On the new clothes of the Spanish economy, where’s a child to tell the truth when you need it?

Hobbes, what Spain needs now, is the child in the crowd that that the emperor is walking down the street fully naked, and tells the truth. But they do not listen.

Today, it was the turn of the FT.com (Spain’s recession: After the fiesta). Paul Preston is considered one of the top specialists in the Spanish Civil War, and now it seems it takes the Financial Times to state the obvious. What is wrong with Spaniards that need a foreign voice to see reality as it is or was? Even El Pais, the leading left-wing Spanish newspaper, needs to quote the FT to comment on the matter.  Continue reading

On talking about the weather and the hell we are going through

February 2, 2009. What a day to remember. It was a Monday, right after… a Sunday.

Freezing weather from the East brought us the “biggest snowstorms in 18 years!”

No trains in or out of London, no buses in the city, curiously even the underground underground services cancelled… the great ex-Imperial capital brought to its knees by some fluffy snowflake and its mates.

And the aftermath? Politicians, pundits and £19k journalists started the usual witch hunt.

The journalists with a 7-day memory: The city wasn’t ready for the snowstorm even though we had known it was coming for four days (aka incompetence argument)

Continue reading

On governments guaranteeing savings to avert panic, what’s at the end of the road?

Hobbes, we seem to be in another space race. But this time around fuelled by the EU’s free capital movement.

FT.com reports that the German government has joined Ireland‘s in fully guaranteeing the savers deposits in national banks (€400bn for the Irish). For the layman, that means that the average German taxpayer will guarantee through their own government €568bn in savings and bank accounts sitting in Deutchland. Continue reading

On the rise of the cost of living and the ones who really carry the can

Going back to how to spend it you have plenty [On billionaires spoiling artists and the hard life of the super-rich, May 26], from 2000 to 2007 the super-rich (dwellers of the 95th percentile of the income distribution) saw their real wages increase about 9% compared to an average 3% for the rest of mortals.

This field starts to fascinate me. The rich are getting richer so much faster than the rest of us that luxury goods inflation, you know, the difference in price between year 1 and 2 for those Sikorsky helicopters, Hermès goodies, gold Patek Phillipe watches and, well, other millionaire stuff (I guess I emphasised my social position as a non-well-off), is way higher than the average CPI, IPC, RPI or whatever your own government wants to call it and make out. Continue reading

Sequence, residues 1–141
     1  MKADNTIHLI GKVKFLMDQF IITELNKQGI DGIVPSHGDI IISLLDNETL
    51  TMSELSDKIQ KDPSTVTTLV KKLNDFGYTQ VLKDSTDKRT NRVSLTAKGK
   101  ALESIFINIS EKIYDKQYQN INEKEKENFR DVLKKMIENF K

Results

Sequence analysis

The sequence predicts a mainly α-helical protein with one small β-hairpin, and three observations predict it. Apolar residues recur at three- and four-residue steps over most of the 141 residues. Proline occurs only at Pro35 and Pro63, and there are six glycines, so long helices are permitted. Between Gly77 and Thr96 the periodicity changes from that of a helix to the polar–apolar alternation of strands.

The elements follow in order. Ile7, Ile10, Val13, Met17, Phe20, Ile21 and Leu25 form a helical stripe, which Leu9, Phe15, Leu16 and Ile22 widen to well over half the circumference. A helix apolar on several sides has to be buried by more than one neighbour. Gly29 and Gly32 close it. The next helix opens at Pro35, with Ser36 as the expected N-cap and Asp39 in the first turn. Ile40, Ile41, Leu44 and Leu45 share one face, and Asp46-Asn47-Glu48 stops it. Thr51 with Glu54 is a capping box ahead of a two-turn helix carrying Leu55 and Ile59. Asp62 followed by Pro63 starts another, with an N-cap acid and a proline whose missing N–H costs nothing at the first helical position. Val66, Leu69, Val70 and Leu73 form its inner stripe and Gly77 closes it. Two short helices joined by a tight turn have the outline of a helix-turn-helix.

On billionaires spoiling artists and the hard life of the super-rich

Do you remember rule number one of the courteous traveller? Ask for permission before taking someone’s picture. Some people are not very keen on being the star of your holidays in a forgotten corner of the world. Some even fear losing their soul to the flash.

I wonder what Sue Tilley’s thoughts are on the matter. If any.

And who’s Mrs Tilley? You will ask. Well, Roman Abramovich just spent some $33.6m of his pocket money on Lucian Freud’s Benefits Supervisor Sleeping painting. No change left for Wrigley chewing gum, now part-owned by Warren Buffet and Mars. See, I am not going to get into how billionaires waste/use their money, as any other mortal, I wish I had the money to buy paintings of (ironically) fat benefit workers, smoking dogs playing poker, or diamond incrusted skulls at twice the face value of the diamonds themselves. Continue reading

On the cost of living extremely well

Going back to how to spend it you have plenty [On billionaires spoiling artists and the hard life of the super-rich, May 26],from 2000 to 2007, the super-rich (dwellers of the 95th percentile of the income distribution) saw their real wages increase about 9% compared to an average 3% for the rest of mortals.

This field starts to fascinate me. The rich are getting richer so much faster than the rest of us that luxury goods inflation, you know, the difference in price between year 1 and 2 for those Sikorsky helicopters, Hermès goodies, gold Patek Phillipe watches and, well, other millionaire stuff (I guess I emphasised my social position as a non-well-off), is way higher than the average CPI, IPC, RPI or whatever your own government wants to call it and make out. Continue reading

The second LwH Prize goes to… John Paulson

The ranking for the 2007 highest-paid hedge fund managers came our and we found out that John Paulson, founder of New York-based Paulson & Co, was paid an estimated $3.7b last year. The 52-year old New Yorker, beat George Soros and 2006’s top earner James Simons. Soros ranked second, earning about $2.9 billion. Simons was third, making an estimated $2.8 billion last year.

Paulson & Co. made money betting on the collapse of subprime mortgages in 2007. According to investor letters obtained by Bloomberg, the Paulson Credit Opportunities Fund soared almost six fold, helped by bets on slumping housing and subprime mortgage prices. Continue reading